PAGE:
“Mostly I play whatever pops into my head, but I’ve just started a project of learning Beatles’ songs. I think Paul McCartney is incredibly talented. Melodically, obviously, but when you start learning the songs you learn just how talented he is as a songwriter… You can see the nuts and bolts in his discipline as well. I find it fascinating.

“What’s interesting to me is learning the difference between a McCartney song and a Lennon song. Melodically they’re very different creatures. Lennon is as much about the feel as about the music, but there are some McCartney songs that are simply beautiful. ‘Blackbird,’ for instance – that’s just a wonderful song. There’s a really lovely simplicity to how he composes that I like a lot.”

Asked if he would pose for this feature with his guitar in hand, Alexis laughs uproariously. “Oh god, no,” he chortles. “My daughter would totally freak.”

The daughter in question, Nicola, now 23, was born around the same time Alexis’s first novel, Childhood, was published, and studied music at Toronto’s renowned Etobicoke School of the Arts.

The senior Alexis graciously defers to his talented young offspring in the arena of musical artistry. “She’d say ‘Daaaaad, you’re playing your guitar! Nooooo!’”, he demurs, with a certain delight. “I know my place.”

For Alexis, this place is firmly in the world of prose – although some would argue that some of his work, especially with composers Rolfe and Krausas, could well be considered poetry.

“I also wanted to be a poet,” he says. “But it’s hard work. It’s harder work, I think, than being a prose writer. It depends on the person. There are people who are naturally inclined to the poetic and it seems like they’re born with that skill.”

Not coincidentally, Alexis counts many poets among his friends. “My best friend, for instance, is Roo Borson. I talk about poetry with her quite a bit. And just now I was making a date with Ricardo Sternberg to go watch some soccer.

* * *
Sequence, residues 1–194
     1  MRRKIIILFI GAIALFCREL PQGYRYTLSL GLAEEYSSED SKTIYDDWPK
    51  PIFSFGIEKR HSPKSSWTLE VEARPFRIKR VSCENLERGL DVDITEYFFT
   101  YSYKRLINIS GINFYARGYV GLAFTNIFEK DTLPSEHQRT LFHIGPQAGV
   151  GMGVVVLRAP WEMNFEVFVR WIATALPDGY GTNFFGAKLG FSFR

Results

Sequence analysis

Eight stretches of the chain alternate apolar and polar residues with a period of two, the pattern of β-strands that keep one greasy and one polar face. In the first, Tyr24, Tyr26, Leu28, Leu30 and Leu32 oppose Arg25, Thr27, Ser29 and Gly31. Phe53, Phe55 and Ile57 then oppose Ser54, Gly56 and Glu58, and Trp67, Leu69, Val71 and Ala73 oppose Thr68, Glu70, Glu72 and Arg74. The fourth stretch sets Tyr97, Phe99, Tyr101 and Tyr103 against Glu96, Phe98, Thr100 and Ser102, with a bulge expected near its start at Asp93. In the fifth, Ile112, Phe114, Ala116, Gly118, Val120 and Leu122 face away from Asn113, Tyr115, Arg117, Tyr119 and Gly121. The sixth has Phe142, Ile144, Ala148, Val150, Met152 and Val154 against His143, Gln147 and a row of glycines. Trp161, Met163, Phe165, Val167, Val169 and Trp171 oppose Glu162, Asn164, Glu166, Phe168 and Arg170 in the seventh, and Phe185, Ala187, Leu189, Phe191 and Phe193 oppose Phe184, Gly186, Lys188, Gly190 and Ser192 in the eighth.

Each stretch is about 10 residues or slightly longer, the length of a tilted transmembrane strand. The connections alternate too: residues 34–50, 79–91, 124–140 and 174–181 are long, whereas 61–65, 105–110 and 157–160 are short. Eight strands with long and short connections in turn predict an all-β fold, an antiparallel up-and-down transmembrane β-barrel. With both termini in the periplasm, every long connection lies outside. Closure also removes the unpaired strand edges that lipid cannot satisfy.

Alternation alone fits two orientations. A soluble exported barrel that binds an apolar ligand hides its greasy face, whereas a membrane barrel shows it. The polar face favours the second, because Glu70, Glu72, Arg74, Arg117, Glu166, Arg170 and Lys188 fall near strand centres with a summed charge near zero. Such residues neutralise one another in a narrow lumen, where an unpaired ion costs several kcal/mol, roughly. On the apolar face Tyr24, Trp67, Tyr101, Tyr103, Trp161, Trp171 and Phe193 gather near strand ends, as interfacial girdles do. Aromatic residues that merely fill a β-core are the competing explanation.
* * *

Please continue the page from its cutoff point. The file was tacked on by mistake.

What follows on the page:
“But then there are people who are born with the prosaic, and I think I’m one of them. Storytelling has always fascinated me. And I think I have a propensity in that direction. That’s the thing that Roo always talks about. She doesn’t know how to write a story; she doesn’t know what storytelling means. There’s a long conversation about this that I’ve been having for about fifteen years with her.

“I started writing early, like in my early teens… I knew I was interested in writing for some reason. Although I loved music, and still do, I found as I was growing up that I enjoyed the company of writers more. I had more friendships with writers; they were interesting to me because they talked about our artistic problems in ways that I identified with.

“I kind of knew that I was fated to be an artist — it was only a question of what kind of artist I was fated to be. For the writer in me, [my friendships with writers] made sense because I could identify with how writers spoke about things. I found they spoke in ways that meant something to me.”

And speaking with writers of all ages is what he relishes about his post at UC.

Given his gruelling book-a-year writing schedule, Alexis says that “being the writer at UC will be the easiest part. I think it will be fun. The other writing, my own books, is a bit more arduous.

“I’m looking forward to talking to writers—it gives you a chance to rethink answers to questions that you think you’ve settled in your mind but maybe need a re-questioning.

“I love the chance to be ignorant again. It’s a very important thing to not know all the answers.”